They Walk Among Us
Dewey, Hanna, Fluffy, and Donna. Those are the names of Pat and Rick Ellenberger’s quartet of dogs, all of which they adopted from Centre County PAWS.
“All of these four-legged family members bring us great joy,” Pat says. “Dewey gives the best hugs, Hanna is our little spitfire, Fluffy watches over all of us and is sweet and gentle, and Donna is our happy girl who loves to cuddle on the couch.”
The Ellenbergers have lived in Ferguson Township for more than 20 years and are retired. They both do volunteer work at organizations throughout the county. Pat volunteers at Centre County PAWS, helping at the front desk and with birthday parties or other celebrations.
Animals that are older and have health or behavioral issues can be difficult to place. After losing a beloved dog to cancer, the Ellenbergers chose each of their PAWS dogs precisely because they wanted to help animals that were most in need of their help.
“People tell us that our dogs are so lucky to have us, but we know we are the lucky ones,” she says. “We just love each one of them for who they are!”
The dogs bring joy to the Ellenbergers and to many others in the community. Pat takes Dewey and Hanna to nursing homes to visit with the residents and to parties at PAWS to play with children. Dressed as Mickey and Minnie Mouse, or in other costumes, the dogs give everyone lots of hugs and kisses.
Their most recent adoptee, Donna, has been with them for a few months. She came from a puppy mill, which resulted in emotional issues, dental problems, and arthritis from living in a small crate. Donna is also deaf and the Ellenbergers are teaching her sign language.
“Even though her walk is crooked, when she trips, she gets up, keeps going, and is smiling the entire time,” Pat says. “She is the happiest little dog.”
Seeing animals like Donna transform is one of the things Christine Faust enjoys the most about her job. Faust is the Director of Development and Marketing at the animal shelter located on Trout Road in State College.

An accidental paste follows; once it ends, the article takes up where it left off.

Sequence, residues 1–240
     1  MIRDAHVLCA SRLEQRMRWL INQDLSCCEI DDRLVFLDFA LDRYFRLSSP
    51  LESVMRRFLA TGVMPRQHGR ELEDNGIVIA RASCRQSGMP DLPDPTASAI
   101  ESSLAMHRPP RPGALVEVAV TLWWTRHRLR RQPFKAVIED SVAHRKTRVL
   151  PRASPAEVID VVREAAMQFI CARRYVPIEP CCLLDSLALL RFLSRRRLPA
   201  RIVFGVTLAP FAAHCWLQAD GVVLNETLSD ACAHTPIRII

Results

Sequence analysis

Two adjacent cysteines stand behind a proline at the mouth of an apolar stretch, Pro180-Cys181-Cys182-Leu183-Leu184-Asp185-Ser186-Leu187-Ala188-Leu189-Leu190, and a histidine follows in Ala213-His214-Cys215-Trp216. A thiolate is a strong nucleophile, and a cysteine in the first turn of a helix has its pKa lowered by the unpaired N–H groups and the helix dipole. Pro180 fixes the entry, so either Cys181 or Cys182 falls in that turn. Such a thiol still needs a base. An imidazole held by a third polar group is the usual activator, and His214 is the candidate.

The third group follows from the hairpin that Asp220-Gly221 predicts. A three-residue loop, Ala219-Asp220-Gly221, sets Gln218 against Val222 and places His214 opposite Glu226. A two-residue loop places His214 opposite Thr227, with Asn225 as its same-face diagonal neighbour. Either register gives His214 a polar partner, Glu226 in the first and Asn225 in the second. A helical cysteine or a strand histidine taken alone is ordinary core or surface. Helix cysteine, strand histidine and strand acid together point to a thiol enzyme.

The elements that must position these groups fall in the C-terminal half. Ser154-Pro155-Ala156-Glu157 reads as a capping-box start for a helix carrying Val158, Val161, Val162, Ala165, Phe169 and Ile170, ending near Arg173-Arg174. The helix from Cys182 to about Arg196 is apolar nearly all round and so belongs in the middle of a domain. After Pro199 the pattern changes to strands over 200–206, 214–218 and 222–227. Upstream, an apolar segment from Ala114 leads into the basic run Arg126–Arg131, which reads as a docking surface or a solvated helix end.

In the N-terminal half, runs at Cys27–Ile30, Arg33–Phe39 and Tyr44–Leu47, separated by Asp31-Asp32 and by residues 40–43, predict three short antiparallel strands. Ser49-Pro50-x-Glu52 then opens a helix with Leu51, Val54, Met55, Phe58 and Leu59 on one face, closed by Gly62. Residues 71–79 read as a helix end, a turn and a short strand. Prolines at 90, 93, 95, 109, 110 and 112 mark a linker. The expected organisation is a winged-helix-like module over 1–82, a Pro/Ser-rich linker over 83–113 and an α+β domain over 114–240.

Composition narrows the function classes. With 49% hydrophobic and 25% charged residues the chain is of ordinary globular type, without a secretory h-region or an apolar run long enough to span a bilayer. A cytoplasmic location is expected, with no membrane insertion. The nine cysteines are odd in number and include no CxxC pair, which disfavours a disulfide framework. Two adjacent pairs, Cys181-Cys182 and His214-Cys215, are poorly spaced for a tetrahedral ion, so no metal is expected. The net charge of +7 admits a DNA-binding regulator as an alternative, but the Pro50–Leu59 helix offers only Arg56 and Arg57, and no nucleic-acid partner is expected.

“It’s very rewarding when scared, shy cats and dogs open up and begin to trust our volunteers,” Faust says. “We also love to see the changes in the animals that arrive at PAWS in bad shape and greatly improve due to the care and love given to them by our volunteers.”
“People tell us our dogs are so lucky to have us, but we know we are the lucky ones.”
In 2016, PAWS processed 512 cat and 337 dog adoptions by community members. Through low-cost clinics and free vouchers for Centre County residents in need, they also provided 1,806 spay/neuter services to the public.
Those numbers were similar in 2015 and have been increasing since 2014. This is why financial support, including from Centre Foundation, is so important for this non-profit shelter.
PAWS enjoys annual grants from several funds that are housed at Centre Foundation, including the Centre County PAWS Fund, the Bob & Sue Nuss Fund, the Elizabeth K. Held Memorial Fund, the Carl and Josephine Gettig Memorial Fund, and the Mattil Family Fund.
And PAWS is always a favorite during Centre Gives – the organization raised $49,686 through it in 2016 and $61,055 in 2017. Grant money from Centre Gives and endowment funds totaled $55,744 in 2016.
The money helps to support the organization’s shelter operations and medical budget. In one year alone, PAWS spends an average of $150,000 on medical care for its animals, including preventive care, vaccines, blood work, medical procedures, and spays/neuters of PAWS animals.
“We’re grateful for the support we receive from Centre Foundation and that our community has so many generous, caring people who support Centre County PAWS and all of the great non-profits in our town,” Faust says.